It's near impossible to heal yourself.
Humans need to feel safe, accepted and a deep sense of belonging in order to heal. In our world, it is getting harder and harder to find these spaces and relationships.
We spend a lot of our time in the mindset of competition, scarcity, and exhaustion. So caught up in the doing of life, we leave little time for being. Being present. Being mindful. Being kind.
We have packed agendas, full days, and booked calendars. We schedule time to play, to make love, and to laugh with friends. I mean really, that's messed up! Right?!
Other people and relationships are essential to a happy and healthy life. We need hugs, laughter, and a shoulder to cry on. We can't get by on "likes" and emojis alone.
Our deep inner pain most often comes from some deep sense of not belonging, when we really boil it down, that's what most of our childhood traumas and pain mean to us.
I know I am not alone in feeling like my feelings were not welcome in my house growing up. I was labeled a "crybaby" when I was very young, which is unfortunate because I also grew up in a house that was scary and unpredictable. I had plenty of reasons to feel scared, unsafe, and alone. This label of "crybaby" followed me into adulthood. It was a family "joke" that I never felt was funny. It hurt a lot. it made me feel like my pain was not something to be shared with the rest of the world, not even my closest family members. So I learned to cut myself off from my own pain. If being a "crybaby" wasn't acceptable, I could see that sucking it up and powering through were acceptable. Talking about your feelings certainly was not. Never.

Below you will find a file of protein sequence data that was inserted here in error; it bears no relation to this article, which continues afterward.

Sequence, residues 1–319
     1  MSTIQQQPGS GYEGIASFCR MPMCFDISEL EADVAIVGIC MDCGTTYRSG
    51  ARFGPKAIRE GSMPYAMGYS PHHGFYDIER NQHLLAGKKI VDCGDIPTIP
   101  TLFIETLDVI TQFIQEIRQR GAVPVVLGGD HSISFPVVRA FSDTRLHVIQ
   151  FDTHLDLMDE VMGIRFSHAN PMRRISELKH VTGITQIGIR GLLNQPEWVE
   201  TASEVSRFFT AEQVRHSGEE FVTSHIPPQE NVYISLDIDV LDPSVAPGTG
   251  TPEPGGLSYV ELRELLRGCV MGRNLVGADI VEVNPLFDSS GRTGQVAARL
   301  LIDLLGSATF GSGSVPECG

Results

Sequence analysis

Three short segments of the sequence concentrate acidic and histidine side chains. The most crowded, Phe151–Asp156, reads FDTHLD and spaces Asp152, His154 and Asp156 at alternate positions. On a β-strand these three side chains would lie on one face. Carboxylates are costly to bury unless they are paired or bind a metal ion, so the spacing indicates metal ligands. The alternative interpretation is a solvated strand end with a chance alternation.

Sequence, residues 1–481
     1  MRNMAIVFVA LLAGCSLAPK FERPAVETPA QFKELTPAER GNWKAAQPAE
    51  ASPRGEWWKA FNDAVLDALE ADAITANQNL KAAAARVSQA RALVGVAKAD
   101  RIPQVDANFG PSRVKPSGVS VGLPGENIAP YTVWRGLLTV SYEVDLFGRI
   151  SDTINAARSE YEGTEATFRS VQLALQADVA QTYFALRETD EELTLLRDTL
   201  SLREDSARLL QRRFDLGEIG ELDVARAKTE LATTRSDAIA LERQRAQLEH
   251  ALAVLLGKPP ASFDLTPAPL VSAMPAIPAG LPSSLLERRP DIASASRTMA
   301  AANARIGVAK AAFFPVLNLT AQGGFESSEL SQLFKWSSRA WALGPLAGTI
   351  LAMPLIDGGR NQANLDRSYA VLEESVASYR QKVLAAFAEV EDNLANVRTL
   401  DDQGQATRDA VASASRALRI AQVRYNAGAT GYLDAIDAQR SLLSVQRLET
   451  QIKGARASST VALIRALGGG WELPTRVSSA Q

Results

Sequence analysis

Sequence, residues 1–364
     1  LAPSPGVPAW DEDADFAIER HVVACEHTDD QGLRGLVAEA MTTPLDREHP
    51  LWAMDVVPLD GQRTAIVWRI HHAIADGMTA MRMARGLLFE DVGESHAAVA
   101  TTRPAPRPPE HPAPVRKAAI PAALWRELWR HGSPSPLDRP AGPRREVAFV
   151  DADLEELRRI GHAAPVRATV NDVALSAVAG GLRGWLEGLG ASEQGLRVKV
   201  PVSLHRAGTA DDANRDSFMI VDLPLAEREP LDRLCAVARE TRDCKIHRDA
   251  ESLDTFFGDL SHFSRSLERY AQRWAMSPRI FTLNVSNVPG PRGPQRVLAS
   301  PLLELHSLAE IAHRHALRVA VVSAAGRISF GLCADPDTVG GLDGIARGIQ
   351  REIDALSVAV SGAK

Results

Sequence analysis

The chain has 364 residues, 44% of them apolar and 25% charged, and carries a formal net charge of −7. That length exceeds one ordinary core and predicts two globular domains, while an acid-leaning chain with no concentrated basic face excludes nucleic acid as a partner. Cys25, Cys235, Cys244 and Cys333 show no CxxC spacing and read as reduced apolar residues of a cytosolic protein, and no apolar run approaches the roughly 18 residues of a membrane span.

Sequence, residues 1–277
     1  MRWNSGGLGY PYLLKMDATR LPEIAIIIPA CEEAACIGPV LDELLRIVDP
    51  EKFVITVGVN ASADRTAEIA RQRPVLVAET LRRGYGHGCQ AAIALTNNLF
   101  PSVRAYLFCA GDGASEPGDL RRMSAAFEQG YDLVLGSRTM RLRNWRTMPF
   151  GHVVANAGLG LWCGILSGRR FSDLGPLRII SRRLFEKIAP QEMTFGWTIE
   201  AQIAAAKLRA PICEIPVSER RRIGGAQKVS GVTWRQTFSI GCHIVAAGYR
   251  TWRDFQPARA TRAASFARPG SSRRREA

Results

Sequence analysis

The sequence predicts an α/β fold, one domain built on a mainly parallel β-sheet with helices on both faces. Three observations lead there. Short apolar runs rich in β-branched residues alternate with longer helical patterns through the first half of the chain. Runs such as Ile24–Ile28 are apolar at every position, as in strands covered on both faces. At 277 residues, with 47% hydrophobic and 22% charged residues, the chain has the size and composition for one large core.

And so I learned to be the person who handles her own business. The girl who doesn't cry.
Eventually, when I was an adult and living with my former partner, he would tease me for crying in the bathroom when I got really upset. But it was the only place that felt safe enough for me to cry. It was the one place where another person wouldn't interrupt or judge me. That was 15 years ago now.
Over the last couple of years, I have done a lot of healing. I have cried a lot. Alone and with company. Mostly with my therapist and my partner. My partner has never shamed me for being sad. He has never acted annoyed or put out when I need a hug or just need to cry it out. He doesn't even mind it when I get snot on his shoulder. He loves me fully and completely. And this has allowed me to drop some of the shame and fear of being truly seen and heard. I feel like I belong. Like the world is a safer place for me to be fully human. I can be vulnerable.
I can do things like write this blog post.
I have been able to be honest and vulnerable with other people in my life, even strangers. I have been able to feel safe and confident enough to develop new friends and relationships. I have been able to see that one of my callings is helping other people heal and connect. I'm not sure what that will look like, but I know I'll figure it out.
Love and compassion are healing. Compassion is necessary for relationships and for community.
The good news is that we can each be a beacon of love and compassion. We can start with ourselves and our closest loved ones. See them with new eyes, curious eyes. We can offer them our attention and open hearts. It's as simple and as difficult as giving our full attention.